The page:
Now Google states that "GWT shields you from worrying too much about cross-browser incompatibilities. If you stick to built-in widgets and composites, your applications will work similarly on the most recent versions of Internet Explorer, Firefox, and Safari. (Opera, too, most of the time.)"

Unfortunately I couldn't stick to the built-in composites since the required paste event is excluded from the GWT, likely because its not completely supported by all browsers, which forced me to make use of the JSNI (see addPasteHandler method).

Thanks to the JSNI I was able to add my browser specific code, but also add code that won't work in all browsers - the paste event wont be fired by Opera for example.

Which makes me inclined to go as far as to say that you must steer clear of the JSNI if you're interested in writing cross-browser friendly code.

All in all it does however feel like a helluva lot of extra code to write if you compare it to something like JQuery, but I nevertheless started liking GWT over the last few weeks.


If you're unfamiliar with Dart, its basically a new language that Google is busy developing for the web, very similar to JavaScript - I think of it as JavaScript on steroids (or the next step in evolution of JavaScript).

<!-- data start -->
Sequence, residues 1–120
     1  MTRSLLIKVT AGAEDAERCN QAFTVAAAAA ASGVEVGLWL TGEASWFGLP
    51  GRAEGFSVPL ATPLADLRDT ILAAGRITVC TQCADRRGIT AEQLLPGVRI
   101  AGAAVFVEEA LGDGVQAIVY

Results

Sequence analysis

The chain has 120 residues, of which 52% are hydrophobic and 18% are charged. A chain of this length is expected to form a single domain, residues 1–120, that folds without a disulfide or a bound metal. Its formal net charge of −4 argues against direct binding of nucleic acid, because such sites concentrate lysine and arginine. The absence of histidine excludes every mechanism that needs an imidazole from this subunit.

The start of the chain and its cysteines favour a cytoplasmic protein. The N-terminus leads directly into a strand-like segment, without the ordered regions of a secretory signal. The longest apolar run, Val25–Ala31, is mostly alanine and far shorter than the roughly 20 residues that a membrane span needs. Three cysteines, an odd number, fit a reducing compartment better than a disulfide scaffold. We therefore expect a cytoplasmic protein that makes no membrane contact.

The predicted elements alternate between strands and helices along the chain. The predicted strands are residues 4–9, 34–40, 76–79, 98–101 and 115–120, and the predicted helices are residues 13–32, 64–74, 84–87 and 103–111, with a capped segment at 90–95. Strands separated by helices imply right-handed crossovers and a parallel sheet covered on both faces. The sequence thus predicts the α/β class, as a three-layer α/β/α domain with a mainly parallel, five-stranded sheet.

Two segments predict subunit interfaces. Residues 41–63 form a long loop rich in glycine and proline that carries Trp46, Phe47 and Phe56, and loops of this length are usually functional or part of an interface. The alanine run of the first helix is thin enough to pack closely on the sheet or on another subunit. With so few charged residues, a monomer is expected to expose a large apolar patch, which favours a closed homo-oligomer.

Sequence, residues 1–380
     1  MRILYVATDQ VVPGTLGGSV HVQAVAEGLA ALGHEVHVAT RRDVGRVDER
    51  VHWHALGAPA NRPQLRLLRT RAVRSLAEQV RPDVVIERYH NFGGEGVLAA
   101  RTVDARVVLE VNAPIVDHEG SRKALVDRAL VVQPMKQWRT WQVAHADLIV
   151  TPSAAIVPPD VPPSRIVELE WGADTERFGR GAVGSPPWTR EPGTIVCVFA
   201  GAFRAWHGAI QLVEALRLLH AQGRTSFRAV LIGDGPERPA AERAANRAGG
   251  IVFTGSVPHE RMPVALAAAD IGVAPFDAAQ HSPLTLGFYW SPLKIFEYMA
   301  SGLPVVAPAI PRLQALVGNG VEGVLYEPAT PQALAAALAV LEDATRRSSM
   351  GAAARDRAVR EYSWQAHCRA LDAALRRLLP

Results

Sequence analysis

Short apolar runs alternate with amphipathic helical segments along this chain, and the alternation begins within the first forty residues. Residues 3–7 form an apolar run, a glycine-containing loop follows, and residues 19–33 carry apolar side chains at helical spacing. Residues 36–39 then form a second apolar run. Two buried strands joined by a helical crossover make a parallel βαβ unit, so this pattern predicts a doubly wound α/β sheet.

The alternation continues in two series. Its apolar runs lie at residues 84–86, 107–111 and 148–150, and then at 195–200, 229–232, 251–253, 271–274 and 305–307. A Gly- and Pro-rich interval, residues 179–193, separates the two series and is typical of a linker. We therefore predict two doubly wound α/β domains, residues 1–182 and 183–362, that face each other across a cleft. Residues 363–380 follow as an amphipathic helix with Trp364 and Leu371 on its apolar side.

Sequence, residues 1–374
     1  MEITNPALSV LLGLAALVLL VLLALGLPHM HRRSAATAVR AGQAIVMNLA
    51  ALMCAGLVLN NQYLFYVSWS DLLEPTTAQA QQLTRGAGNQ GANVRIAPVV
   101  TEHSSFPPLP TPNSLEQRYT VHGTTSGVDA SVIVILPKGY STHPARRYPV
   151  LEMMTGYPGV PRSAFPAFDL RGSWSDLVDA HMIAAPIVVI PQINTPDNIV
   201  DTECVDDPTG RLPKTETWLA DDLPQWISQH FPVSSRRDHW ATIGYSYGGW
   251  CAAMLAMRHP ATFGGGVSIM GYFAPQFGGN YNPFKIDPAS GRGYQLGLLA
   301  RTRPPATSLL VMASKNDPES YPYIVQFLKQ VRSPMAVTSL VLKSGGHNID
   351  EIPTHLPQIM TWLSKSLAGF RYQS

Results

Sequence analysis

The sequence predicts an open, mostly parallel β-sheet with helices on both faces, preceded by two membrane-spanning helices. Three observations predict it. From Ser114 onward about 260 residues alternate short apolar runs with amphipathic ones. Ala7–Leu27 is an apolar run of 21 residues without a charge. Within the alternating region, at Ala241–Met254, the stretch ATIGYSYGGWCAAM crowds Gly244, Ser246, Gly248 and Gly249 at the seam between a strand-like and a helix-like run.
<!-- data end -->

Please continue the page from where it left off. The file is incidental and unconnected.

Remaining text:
But just like GWT (currently at least) it compiles to JavaScript and in fact many of the developers that worked on GWT are busy working on Dart.

At the moment its not much of a cross-browser solution as it only supports three of the big five (Chrome, Safari 5+, Firefox 4+), but like mentioned previously its a technology thats in its pre-infancy (don't use it in a production environment).

Lets have a look at some code:


void LimitTextAreas()
  NodeList nodes = window.document.getElementsByTagName("textarea");  
  for (int i = 0; i < nodes.length;i++)
      HTMLTextAreaElement obj = nodes[i];
      Node node = obj.attributes.getNamedItem("maxlength");
      if (node != null)
        int maxlength = Math.parseInt(node.nodeValue);
        obj.addEventListener("keypress", (KeyboardEvent e) {
          if (((e.keyCode == 8) || (e.keyCode > 36) && (e.keyCode < 41))